Sky Burial - IV : Of Dharma and Drowning
Ambient, Electronics Those of you that will have read my earlier works will be only too familiar with the lavishment of praise I gave to the first Sky Burial release I heard, 'Spectrehorse'.

This release took me from the immediate start, as being a fan of Michael Page's "Fire in the Head" project, and seeing the clear and intricate references to Buddhist literature and folklore that this project hints at, I was delighted to see that the earlier work wasn't just a one off concept album.

This is the second release I have been offered from Belgium's "Silken Tofu", and if it is even close to the first, I anticipate big, big things from this label.

Interestingly, "Dharma" is a one track, Eighteen minute album, released as a 3" micro CD, limited to first editions of 100 copies. Don't let the length put you off however.

Sky Burial falls under the category of what I best describe as "Darktronics". It's not quite Power Electronics, not quite Dark Ambient, but a correlation of the two, giving with one hand, and taking with the other.

Like a lot of bands that borrow from Death Industrial tapestries, this release follows the tried and tested formula of starting off slowly, building up at a pace which always makes you anticipate a sudden complete change of pace, before slowing down again. This however has some really eerie and unsettling effects with it. My interest in releases of this nature is the way that the concept and theme always manages to find its way into the output recordings; in this instance, Dharma is a Sanskrit term which roughly translates to our "Law" - upholding the balance of life.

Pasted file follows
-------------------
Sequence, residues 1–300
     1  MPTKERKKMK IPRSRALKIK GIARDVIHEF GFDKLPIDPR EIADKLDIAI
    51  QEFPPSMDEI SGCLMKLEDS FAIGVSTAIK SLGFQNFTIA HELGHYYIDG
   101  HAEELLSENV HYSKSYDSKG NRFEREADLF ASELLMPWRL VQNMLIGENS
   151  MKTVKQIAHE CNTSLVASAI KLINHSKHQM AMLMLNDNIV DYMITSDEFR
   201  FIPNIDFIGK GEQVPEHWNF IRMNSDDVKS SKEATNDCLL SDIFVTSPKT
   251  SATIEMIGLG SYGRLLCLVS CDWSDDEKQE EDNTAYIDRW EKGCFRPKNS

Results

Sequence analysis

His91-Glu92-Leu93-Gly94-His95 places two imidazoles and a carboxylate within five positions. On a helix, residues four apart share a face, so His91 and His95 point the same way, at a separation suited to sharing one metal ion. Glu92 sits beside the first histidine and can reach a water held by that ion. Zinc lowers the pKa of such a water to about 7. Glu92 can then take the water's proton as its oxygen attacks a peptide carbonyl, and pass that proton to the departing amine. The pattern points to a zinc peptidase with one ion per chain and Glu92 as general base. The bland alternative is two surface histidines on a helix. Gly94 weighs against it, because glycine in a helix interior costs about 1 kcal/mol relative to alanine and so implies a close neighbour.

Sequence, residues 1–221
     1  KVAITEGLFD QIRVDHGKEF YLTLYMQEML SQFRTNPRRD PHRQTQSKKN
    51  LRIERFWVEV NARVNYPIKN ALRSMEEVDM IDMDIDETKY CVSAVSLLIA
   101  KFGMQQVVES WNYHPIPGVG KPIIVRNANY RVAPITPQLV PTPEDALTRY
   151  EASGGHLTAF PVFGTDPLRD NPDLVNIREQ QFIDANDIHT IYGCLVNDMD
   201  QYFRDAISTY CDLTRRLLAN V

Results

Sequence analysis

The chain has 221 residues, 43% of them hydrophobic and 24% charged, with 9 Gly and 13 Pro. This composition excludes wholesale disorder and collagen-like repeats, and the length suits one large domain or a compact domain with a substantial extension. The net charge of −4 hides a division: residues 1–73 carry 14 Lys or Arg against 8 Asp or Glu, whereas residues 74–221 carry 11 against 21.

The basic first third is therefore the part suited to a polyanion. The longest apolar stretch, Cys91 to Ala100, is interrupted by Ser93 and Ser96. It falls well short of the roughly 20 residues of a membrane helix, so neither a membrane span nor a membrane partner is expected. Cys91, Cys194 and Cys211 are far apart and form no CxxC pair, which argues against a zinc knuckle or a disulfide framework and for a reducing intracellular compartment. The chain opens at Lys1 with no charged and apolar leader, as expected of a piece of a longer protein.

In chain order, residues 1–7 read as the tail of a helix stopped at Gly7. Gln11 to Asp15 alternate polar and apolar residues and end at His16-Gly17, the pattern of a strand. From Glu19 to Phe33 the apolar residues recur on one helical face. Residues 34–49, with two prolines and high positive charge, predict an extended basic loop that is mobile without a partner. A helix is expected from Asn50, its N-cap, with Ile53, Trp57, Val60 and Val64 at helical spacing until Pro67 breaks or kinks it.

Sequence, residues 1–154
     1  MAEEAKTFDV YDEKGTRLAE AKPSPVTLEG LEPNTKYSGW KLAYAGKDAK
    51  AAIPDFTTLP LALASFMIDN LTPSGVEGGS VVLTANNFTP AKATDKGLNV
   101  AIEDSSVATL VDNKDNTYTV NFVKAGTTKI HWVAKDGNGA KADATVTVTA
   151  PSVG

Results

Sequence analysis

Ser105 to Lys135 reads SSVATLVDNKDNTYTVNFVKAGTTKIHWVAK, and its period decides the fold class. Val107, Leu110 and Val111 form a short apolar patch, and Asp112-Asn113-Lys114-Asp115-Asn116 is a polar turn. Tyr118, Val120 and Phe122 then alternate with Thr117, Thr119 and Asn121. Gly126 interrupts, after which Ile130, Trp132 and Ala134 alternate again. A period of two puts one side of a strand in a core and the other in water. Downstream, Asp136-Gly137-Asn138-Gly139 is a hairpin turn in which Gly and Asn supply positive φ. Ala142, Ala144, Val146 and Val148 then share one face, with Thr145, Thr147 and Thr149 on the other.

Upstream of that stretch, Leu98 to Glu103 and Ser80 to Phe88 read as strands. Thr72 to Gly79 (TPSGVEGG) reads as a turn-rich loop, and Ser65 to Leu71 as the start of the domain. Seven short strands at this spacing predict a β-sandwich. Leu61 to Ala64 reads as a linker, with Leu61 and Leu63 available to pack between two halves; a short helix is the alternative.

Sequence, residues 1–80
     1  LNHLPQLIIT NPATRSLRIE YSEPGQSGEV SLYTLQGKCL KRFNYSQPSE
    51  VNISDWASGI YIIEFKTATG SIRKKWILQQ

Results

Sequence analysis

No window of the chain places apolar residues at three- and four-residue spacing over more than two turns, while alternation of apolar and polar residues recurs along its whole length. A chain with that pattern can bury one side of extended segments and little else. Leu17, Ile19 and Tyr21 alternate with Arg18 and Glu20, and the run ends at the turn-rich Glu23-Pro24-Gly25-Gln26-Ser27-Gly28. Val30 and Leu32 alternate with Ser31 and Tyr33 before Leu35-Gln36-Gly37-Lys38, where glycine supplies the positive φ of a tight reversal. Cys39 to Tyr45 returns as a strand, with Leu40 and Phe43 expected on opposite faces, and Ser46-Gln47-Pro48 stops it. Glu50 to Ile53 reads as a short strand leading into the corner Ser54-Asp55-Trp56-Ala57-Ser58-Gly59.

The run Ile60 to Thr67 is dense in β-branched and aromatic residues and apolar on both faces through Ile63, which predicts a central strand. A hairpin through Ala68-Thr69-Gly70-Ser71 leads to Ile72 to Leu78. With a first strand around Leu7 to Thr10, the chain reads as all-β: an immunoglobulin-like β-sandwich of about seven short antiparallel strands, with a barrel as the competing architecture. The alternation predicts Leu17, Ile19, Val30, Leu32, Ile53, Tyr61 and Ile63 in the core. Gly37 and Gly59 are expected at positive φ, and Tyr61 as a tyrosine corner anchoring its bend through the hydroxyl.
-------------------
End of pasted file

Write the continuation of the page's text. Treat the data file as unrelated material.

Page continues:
And this release certainly starts off to resemble some sort of peaceful and happy "medium". Almost like being "One with everything", just like Buddhist Dogma preaches. And in almost ironic beauty, listening to this towards the end really does make you feel like you are drowning and clutching for some sort of hand to rescue you. Success.
4
Brutal Resonance

Sky Burial - IV : Of Dharma and Drowning

7.0
"Good"
N/A
Electroracle
Spotify
Released 2007 by Silken Tofu
Those of you that will have read my earlier works will be only too familiar with the lavishment of praise I gave to the first Sky Burial release I heard, 'Spectrehorse'.

This release took me from the immediate start, as being a fan of Michael Page's "Fire in the Head" project, and seeing the clear and intricate references to Buddhist literature and folklore that this project hints at, I was delighted to see that the earlier work wasn't just a one off concept album.

This is the second release I have been offered from Belgium's "Silken Tofu", and if it is even close to the first, I anticipate big, big things from this label.

Interestingly, "Dharma" is a one track, Eighteen minute album, released as a 3" micro CD, limited to first editions of 100 copies. Don't let the length put you off however.

Sky Burial falls under the category of what I best describe as "Darktronics". It's not quite Power Electronics, not quite Dark Ambient, but a correlation of the two, giving with one hand, and taking with the other.

Like a lot of bands that borrow from Death Industrial tapestries, this release follows the tried and tested formula of starting off slowly, building up at a pace which always makes you anticipate a sudden complete change of pace, before slowing down again. This however has some really eerie and unsettling effects with it. My interest in releases of this nature is the way that the concept and theme always manages to find its way into the output recordings; in this instance, Dharma is a Sanskrit term which roughly translates to our "Law" - upholding the balance of life.

And this release certainly starts off to resemble some sort of peaceful and happy "medium". Almost like being "One with everything", just like Buddhist Dogma preaches. And in almost ironic beauty, listening to this towards the end really does make you feel like you are drowning and clutching for some sort of hand to rescue you. Success.
Jan 01 2007

Nick Quarm

info@brutalresonance.com
Writer and contributor on Brutal Resonance

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